PORTLAND – Gov. Paul LePage joined Mayor Nicholas Mavodones for a ceremony Wednesday to mark the opening of Portland’s Ocean Gateway Pier II — the so-called megaberth.

“I am happy to say we have a place that can dock many of the largest ships in the world,” Mavodones said at the event on the pier, which drew about 50 people. “The Portland waterfront is an economic engine for the entire state. As Portland succeeds, so does the region.”

LePage told the group that the berth, which opened Sept. 10, will help bolster Maine’s tourism industry, an important economic driver for the state. “Tourism has always been very important to Maine. We need to encourage (tourists) to visit the Old Port and spend a lot of money,” he said.

Also at the event was Panos Manzavinos, captain of the visiting cruise ship Celebrity Summit, who said the water under the pier is a bit too shallow for big cruise ships. Manzavinos said an additional 5 to 6 feet of water at the pier would be ideal.

“If they dredge, it will be an amazing place. By dredging, it could be one of the best berths on the East Coast,” he said.

The water under the pier is about 30 feet deep at the shallowest point, which is on the eastern end. Most cruise ships draw 26 to 29 feet of water.

On Sept. 27, the Caribbean Princess left the pier earlier than scheduled and rode out an astronomically low tide in deeper water. Some passengers were left on shore and were later ferried to the ship.

Speaking after Wednesday’s event, Mavodones said the Maine Department of Transportation is seeking a dredging permit from the U.S. Army Corps of Engineers. He said a time line for the work has not been set, but he hopes it will be completed by the next cruise ship season, which starts in late summer.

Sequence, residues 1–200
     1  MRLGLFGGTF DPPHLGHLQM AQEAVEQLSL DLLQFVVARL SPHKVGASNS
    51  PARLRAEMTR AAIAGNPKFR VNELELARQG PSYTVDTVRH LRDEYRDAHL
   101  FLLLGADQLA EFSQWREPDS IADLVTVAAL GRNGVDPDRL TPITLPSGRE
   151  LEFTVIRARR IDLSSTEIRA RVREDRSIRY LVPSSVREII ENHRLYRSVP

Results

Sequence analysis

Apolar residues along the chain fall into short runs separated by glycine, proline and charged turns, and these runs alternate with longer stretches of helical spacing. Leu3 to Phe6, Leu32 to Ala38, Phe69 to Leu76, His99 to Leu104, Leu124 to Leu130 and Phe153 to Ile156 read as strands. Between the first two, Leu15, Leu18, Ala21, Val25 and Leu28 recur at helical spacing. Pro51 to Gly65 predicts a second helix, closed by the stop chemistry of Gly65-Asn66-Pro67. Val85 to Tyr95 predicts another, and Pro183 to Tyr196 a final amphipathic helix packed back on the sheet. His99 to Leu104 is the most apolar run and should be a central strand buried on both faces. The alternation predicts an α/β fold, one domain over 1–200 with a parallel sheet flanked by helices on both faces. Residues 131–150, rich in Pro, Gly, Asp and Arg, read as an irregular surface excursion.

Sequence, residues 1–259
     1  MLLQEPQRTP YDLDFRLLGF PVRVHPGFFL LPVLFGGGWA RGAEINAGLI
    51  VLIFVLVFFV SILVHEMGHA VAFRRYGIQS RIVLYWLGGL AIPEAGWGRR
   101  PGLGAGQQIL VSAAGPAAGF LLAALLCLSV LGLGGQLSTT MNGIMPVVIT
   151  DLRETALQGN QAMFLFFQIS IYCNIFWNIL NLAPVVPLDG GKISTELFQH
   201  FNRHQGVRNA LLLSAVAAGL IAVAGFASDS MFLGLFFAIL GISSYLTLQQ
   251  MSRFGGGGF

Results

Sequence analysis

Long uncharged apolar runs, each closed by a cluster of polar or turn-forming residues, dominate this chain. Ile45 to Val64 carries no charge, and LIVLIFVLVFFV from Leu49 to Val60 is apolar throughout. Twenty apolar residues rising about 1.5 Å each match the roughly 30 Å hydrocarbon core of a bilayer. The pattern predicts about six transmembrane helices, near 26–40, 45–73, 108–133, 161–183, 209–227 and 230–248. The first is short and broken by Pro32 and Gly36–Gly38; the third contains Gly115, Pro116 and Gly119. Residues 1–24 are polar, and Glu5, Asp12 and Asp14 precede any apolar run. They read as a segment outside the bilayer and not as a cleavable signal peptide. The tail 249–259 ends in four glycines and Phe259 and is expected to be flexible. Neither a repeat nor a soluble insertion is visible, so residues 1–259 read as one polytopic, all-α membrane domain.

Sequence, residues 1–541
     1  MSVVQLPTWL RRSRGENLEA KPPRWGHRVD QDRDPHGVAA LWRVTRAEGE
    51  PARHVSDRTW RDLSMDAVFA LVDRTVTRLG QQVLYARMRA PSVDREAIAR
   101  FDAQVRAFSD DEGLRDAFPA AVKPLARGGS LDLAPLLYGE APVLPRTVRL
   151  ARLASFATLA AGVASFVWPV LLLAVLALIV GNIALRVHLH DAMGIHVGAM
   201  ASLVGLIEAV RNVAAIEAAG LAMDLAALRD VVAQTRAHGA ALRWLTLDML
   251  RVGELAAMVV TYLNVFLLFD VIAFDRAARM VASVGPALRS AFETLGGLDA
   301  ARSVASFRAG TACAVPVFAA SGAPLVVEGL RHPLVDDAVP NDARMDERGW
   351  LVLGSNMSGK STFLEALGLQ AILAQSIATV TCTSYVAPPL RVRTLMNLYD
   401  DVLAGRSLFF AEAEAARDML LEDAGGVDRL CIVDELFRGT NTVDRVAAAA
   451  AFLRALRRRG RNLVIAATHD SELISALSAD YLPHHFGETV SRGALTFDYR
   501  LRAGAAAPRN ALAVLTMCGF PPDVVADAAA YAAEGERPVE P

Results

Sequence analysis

“We are going to dredge the eastern end of this (pier),” he said.

Mavodones noted that the megaberth was designed originally to be built in the area where Bath Iron Works operated a dry dock, where the water is 60 feet deep. He said the plan was altered, and the pier was extended to the east, over the shallower water.

Also at the event were city councilors, representatives from the offices of U.S. Sens. Susan Collins and Olympia Snowe, and Jackson Parker, head of Reed & Reed Inc., the firm that led the pier’s construction.

Mavodones called the megaberth the product of 12 years of planning by the city, which worked with the state, businesses, residents and the maritime industry.

“Through careful planning, Portland came up with a vision to create a passenger port for the new century,” Mavodones said. “(The city) developed a plan that maintained the integrity of downtown Portland and (makes) a good first impression for passengers.”

According to the city, 64 cruise ships carrying a record 89,367 passengers have visited Portland since June, up from 75,000 cruise ship passengers in 2010.

In 2009, a study by the University of Maine found that in 2008, passengers from 31 cruise ships generated $5.8 million to $8 million for southern Maine’s economy and sustained 69 to 96 full- and part-time jobs.

Staff Writer Jonathan Hemmerdinger can be contacted at 791-6316 or at:

[email protected]


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